Friday, September 15, 2017

9/11 and Hiroshima Ginkgos

My daughter and I drove through Forest Grove on September 11 and she knew why the American flag at the entrance of town was at half mast. She's only 11 years old, but nevertheless her previous school's teachers discussed the events. That school is located in the almost non-existent town of Dilley (really), just a mile south of Forest Grove, and it is considered one of the top public grade schools in Oregon. Now she attends (6th grade) in Forest Grove at a horribly mediocre school where she has to dumb down to fit in. S. made the observation that the Dilley school discussed the 9/11 events but that Forest Grove made no mention of it, and I understand the reason is the administration worried that it would be portraying Muslims as bad people. Today most Americans love the Japanese in spite of the fierce and brutal fighting that took place in the 1940's. Should schools skip teaching about World War II so as not to offend a touchy Nihonjin?

Hibakujumoku Ginkgo

I was recently given an op-ed article that appeared in the 8/5/2017 New York Times, known to some as the Failing New York Times. It was entitled The Tree That Survived Hiroshima and was written by Ariel Dorfman, an emeritus professor of literature at Duke University. The tree(s) in question are the "hibakujumoku" ginkgos, which translates as "atomic bomb survivors." In 1984 Dorfman visited the Hiroshima Peace Memorial Museum and three of the nearby ginkgos, and then-Director Akihiro Takahashi – who had a flattened ear and gnarled fingers from the blast – declared that the ginkgos "expressed the endurance of hope, the need for peace and reconciliation."

Ginkgo biloba

Dorfman (age 75) is a Chilean-American novelist and human rights activist and he is naturally worried about how dumb and self-defeating humans can be. He concludes his article with the warning, "How paradoxical, how sad, how stupid it would be if, more than seven decades after Hiroshima opened the door to the possible suicide of  humanity, we did not understand that warning from the past, that call to the future, what the gentle leaves of the ginkgo trees are still trying to tell us."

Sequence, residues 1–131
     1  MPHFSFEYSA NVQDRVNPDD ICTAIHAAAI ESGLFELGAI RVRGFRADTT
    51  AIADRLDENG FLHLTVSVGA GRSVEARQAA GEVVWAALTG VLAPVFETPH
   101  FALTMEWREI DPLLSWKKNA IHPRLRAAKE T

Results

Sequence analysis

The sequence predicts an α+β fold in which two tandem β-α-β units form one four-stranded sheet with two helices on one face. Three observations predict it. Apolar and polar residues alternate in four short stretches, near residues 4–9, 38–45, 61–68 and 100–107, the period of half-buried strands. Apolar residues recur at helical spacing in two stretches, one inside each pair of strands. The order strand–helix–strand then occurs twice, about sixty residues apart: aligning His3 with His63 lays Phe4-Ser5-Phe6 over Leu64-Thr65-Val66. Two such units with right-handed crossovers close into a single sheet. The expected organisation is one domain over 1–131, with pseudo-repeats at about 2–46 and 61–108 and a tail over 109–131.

The A-Bomb Dome

The Hiroshima Memorial Park was built on an open field that was created by the explosion. I have not visited the park but a structure – now called the A-Bomb Dome – partially withstood the blast and has been designated a UNESCO World Heritage Site.* The "Little Boy" bomb actually detonated over the city and the building and its vertical columns were able to resist the vertical downward force of the blast. Everyone inside the building was killed instantly, however.

*The Chinese delegates opposed the designation because it could be used to downplay the fact that Chinese people suffered even greater losses due to Japanese aggression during the war.

Tsutomu Yamaguchi

Tsutomu Yamaguchi (1916-2010) was visiting Hiroshima on August 6, 1945 on business for his employer Mitsubishi Heavy Industries when the bomb exploded. Though injured he returned to his home city of Nagasaki, and the following day he reported to work. That morning he told his supervisor how one bomb had destroyed all of Hiroshima, to which his supervisor told him that he was crazy, but at that very moment the Nagasaki bomb detonated. Yamaguchi was the only known survivor of both attacks, and he lived to the age of 93 and died of stomach cancer.

Pearl Harbor, December 7, 1941

Yamaguchi was well known in Japan and was naturally a proponent of nuclear disarmament. He told an interviewer "The reason that I hate the atomic bomb is because of what it does to the dignity of human beings. I can't understand why the world cannot understand the agony of the nuclear bombs. How can they keep developing these weapons?" The answer might be because of what happened at Pearl Harbor.

Torii gate at Itsukushima Shrine

Cinnamomum species, painted by Haruko's father

On a happier note my wife and kids have been to Hiroshima's Itsukushima Shrine (Shinto) which is also a World Heritage Site. The torii gate was designed and built centuries ago on pier-like structures over the bay so that it would appear to be floating on water. The gate is constructed from decay-resistant camphor wood (Cinnamomum camphora) known in Japan as kusunoki. Though tourists can reach the gate at low tide, its purity is so important that since 1878 no deaths or births have been permitted near it. Therefore pregnant women, the terminally ill and the very elderly are requested to stay away.

Hiroshima's name means "broad island" and it is situated on the Ota River Delta facing the so-called Inland Sea to its south. The Sea is created by the area north of the islands of Kyushu and Shikoku and South of Honshu. I've never been near the Inland Sea but I feel that I know something about it from reading a travel book The Inland Sea by Donald Richie. The Times Literary Supplement praises the book with, "Earns its place on the very short shelf of books on Japan that are of permanent value." My wife is the perfect Japanese tour guide and hopefully I can visit one day.

"Don't you dare, Kim Jong-un!"

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